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ASN Wikibase Occurrence # 216320
Last updated: 29 October 2020
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Time:08:00 MST
Type:Silhouette image of generic R44 model; specific model in this crash may look slightly different
Robinson R44 Raven II
Owner/operator:Tamity Aviation LLC
Registration: N233TR
C/n / msn: 10062
Fatalities:Fatalities: 0 / Occupants: 2
Other fatalities:0
Aircraft damage: Substantial
Location:near Willcox, Cochise County, Arizona -   United States of America
Phase: Landing
Departure airport:Tucson International Airport, Tucson, Arizona (TUS/KTUS)
Destination airport:St. Louis Lambert International Airport, St. Louis, Missouri (STL/KSTL
On April 2, 2003, about 08:00 MST (Mountain Standard Time), a Robinson R-44 II, N233TR, collided with terrain during an autorotative forced landing after experiencing a drive belt failure near Willcox, Cochise County, Arizona (at approximate coordinates: 3215′20″N 10950′8″W). The owner was operating the helicopter under the provisions of 14 CFR Part 91. The helicopter sustained substantial damage. The commercial pilot and one passenger were not injured. The cross-country ferry flight departed Tucson, Arizona (TUS), about 07:00 MST, en route to St. Louis, Missouri (STL). Day visual meteorological conditions prevailed, and no flight plan had been filed.

In a telephone interview with the National Transportation Safety Board investigator, the pilot reported that the purpose of the flight was to fly the newly purchased helicopter to St. Louis. The new owner accompanied the pilot. The pilot stated that he was acting as pilot-in-command for the flight because of the new owner's limited flight time in the make and model.

During cruise flight, the alternator light illuminated and the ammeter showed a drop. The pilot turned off all non-essential electrical equipment. The pilot heard a "thump," which was followed by the smell of burnt rubber. About 15 seconds later, the clutch light illuminated and the pilot heard a "thud." The pilot lowered the collective and both lights continued to illuminate. The pilot then entered an auto-rotation and pulled the clutch circuit breaker. As the helicopter settled from the flare, it contacted a "clump" of dirt. The helicopter tipped forward, which bent the forward portion of the skids, and the main rotor struck the tail boom.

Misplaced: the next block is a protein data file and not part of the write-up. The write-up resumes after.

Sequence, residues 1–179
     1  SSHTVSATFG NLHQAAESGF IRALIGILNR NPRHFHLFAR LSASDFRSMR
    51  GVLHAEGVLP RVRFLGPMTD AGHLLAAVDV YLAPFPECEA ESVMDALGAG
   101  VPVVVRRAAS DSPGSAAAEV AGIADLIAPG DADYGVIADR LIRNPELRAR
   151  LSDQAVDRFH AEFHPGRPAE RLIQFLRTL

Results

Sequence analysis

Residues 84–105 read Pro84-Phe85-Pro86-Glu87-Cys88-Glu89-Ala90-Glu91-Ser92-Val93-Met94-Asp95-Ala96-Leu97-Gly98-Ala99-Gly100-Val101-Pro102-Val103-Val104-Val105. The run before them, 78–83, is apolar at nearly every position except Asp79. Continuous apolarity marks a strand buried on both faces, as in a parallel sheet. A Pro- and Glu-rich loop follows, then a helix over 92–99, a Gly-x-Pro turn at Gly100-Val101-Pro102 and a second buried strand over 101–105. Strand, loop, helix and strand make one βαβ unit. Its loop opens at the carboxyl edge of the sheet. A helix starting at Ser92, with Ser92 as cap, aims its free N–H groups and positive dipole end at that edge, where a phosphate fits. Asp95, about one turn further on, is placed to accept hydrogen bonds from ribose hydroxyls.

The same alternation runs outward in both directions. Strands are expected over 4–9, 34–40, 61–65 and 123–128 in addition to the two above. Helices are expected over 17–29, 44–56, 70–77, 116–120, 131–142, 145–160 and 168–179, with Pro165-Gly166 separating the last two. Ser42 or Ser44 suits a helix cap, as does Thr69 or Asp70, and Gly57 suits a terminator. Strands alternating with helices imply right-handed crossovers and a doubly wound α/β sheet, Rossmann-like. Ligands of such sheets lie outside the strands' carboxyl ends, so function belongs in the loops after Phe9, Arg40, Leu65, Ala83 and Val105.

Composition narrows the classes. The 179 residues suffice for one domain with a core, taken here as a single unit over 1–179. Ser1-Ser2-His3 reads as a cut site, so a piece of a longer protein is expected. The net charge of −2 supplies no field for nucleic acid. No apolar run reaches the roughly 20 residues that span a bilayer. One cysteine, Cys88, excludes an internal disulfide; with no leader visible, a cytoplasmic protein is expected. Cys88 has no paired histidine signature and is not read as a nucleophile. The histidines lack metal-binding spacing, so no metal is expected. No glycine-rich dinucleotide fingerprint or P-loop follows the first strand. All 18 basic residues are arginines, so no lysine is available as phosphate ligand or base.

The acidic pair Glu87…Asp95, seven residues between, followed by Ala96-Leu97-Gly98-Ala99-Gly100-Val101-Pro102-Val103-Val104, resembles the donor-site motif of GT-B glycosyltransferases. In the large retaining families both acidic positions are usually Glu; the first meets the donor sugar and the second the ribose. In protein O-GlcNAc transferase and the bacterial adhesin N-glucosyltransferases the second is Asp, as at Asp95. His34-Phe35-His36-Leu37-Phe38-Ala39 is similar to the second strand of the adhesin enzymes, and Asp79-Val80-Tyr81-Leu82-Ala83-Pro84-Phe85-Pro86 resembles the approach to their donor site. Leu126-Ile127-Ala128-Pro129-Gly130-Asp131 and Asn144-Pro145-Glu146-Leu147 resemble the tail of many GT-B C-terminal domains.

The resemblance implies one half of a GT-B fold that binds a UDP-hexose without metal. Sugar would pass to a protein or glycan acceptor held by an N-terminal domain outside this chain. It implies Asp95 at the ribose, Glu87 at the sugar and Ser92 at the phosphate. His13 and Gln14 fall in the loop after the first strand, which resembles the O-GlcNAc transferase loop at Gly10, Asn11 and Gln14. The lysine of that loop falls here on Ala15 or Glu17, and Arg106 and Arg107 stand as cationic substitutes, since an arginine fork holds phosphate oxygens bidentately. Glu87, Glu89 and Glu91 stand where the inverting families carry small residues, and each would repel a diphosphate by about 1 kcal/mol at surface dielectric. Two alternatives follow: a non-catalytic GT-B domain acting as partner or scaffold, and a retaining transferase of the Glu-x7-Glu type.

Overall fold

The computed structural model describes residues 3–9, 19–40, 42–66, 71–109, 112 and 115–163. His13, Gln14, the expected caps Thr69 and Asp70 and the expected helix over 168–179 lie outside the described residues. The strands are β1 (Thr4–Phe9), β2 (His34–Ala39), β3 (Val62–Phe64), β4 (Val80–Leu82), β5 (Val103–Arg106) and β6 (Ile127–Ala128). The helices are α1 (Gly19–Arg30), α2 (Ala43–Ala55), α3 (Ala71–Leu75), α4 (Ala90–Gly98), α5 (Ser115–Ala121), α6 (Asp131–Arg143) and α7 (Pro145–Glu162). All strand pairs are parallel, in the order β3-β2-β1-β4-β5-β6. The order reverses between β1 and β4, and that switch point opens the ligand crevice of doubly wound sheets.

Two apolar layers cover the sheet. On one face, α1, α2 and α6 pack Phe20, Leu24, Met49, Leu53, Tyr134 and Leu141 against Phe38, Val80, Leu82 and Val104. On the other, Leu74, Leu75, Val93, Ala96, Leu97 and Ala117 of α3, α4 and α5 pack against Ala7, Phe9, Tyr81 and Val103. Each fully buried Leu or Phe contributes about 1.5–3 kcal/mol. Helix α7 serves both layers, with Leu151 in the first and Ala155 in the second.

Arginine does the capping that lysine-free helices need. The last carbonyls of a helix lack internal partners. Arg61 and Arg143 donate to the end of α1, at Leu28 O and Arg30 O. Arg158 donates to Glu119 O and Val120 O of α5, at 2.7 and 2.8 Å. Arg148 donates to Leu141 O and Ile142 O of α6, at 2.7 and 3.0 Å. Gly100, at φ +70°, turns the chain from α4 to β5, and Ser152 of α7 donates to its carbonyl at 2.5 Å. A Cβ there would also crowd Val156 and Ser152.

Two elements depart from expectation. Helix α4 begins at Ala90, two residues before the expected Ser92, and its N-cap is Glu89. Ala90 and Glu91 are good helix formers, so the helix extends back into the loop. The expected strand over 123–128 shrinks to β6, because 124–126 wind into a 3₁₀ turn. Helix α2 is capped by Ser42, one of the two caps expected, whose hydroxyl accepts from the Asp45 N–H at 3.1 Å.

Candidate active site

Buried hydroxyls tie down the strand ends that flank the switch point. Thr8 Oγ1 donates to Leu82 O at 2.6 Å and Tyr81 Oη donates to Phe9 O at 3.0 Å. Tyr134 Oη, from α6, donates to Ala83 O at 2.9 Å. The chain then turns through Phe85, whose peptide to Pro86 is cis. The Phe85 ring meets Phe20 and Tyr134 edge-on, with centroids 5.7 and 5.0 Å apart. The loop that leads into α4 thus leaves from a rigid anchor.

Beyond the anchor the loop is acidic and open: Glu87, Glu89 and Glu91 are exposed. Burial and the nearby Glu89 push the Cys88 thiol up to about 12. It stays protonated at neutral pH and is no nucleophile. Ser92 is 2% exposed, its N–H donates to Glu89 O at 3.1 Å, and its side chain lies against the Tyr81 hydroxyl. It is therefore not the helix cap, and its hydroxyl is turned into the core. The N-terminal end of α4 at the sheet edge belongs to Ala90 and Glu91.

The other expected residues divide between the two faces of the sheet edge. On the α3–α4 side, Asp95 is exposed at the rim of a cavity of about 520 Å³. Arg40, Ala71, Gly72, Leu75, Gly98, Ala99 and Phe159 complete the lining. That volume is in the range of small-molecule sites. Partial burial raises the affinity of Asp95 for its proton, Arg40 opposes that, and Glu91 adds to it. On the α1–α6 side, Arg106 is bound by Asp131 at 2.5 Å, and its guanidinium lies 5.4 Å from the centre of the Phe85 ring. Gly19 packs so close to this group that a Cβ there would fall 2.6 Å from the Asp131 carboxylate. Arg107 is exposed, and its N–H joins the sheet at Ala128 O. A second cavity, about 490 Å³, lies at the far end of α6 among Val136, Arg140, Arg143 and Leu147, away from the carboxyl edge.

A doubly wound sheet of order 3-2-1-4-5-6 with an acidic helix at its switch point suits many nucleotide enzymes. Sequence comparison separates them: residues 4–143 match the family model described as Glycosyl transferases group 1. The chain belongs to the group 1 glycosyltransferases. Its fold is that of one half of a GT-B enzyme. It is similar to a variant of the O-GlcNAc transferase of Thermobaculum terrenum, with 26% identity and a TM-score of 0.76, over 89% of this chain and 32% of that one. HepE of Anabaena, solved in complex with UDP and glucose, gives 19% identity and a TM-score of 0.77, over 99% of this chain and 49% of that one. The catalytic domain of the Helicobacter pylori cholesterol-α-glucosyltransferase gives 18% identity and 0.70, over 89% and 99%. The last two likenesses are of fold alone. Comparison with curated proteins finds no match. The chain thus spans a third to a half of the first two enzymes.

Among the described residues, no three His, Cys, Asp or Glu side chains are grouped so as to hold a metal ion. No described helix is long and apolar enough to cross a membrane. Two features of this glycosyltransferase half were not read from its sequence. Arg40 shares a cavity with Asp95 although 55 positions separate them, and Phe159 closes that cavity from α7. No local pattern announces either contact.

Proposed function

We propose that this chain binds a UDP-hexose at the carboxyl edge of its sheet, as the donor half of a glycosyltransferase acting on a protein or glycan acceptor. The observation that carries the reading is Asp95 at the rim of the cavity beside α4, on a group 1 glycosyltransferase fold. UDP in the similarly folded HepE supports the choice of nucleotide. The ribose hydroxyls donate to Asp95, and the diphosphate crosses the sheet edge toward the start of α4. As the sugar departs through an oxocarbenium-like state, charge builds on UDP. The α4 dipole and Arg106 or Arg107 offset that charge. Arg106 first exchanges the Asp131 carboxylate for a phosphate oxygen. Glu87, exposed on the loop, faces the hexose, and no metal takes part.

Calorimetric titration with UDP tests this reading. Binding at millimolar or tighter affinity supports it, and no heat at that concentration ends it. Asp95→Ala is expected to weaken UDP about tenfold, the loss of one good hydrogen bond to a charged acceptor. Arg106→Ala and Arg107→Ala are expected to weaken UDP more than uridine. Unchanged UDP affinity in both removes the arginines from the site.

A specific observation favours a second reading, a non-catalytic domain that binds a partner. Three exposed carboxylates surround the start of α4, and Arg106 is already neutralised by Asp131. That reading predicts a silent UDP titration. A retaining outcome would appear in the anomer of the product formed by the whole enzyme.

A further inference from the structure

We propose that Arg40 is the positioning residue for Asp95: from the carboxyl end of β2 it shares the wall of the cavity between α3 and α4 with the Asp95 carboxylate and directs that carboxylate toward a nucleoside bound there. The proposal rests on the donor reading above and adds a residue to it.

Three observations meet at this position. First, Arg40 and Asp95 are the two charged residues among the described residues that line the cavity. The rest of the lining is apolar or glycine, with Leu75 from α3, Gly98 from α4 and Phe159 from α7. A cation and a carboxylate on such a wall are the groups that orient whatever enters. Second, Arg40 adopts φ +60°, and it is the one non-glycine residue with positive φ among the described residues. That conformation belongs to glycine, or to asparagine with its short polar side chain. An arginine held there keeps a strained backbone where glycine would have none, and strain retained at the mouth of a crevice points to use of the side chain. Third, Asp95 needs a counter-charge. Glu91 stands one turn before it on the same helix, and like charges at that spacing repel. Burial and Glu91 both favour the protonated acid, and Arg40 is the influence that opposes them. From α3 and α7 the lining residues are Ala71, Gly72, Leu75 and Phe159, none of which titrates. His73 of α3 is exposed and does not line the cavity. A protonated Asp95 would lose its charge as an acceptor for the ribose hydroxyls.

The Safety Board investigator and a representative from the helicopter's manufacturer examined the helicopter at Robinson Helicopter Company, Torrance, California. No pre-impact anomalies with either the airframe or engine were discovered. The main drive belts were located in the drive compartment around the engine main rotor drive, forward of the drive pulley. The belts exhibited shredding. The position of the adjustment bolt and the adjustment slot on the alternator were measured and compared to positions on similar helicopters. The measurements were consistent with recommended positions by the manufacturer. The aft plate on the alternator exhibited rub marks in a circular pattern, outside of the path of pulley rotation. The alternator belt was not recovered.

In a telephone conversation with the Safety Board investigator, the Robinson representative stated that the cooling fan on the helicopter pulls air over the top of the engine and that air is then released as it blows aft, over the bottom of the engine. The alternator is positioned in the path of the outward airflow.

The National Transportation Safety Board determines the probable cause(s) of this accident to be: The failure of the alternator belt which resulted in the failure of the main drive belt.


1. NTSB Accident Number: LAX03LA123 at
2. FAA:

Revision history:

16-Oct-2018 17:51 Dr.John Smith Added

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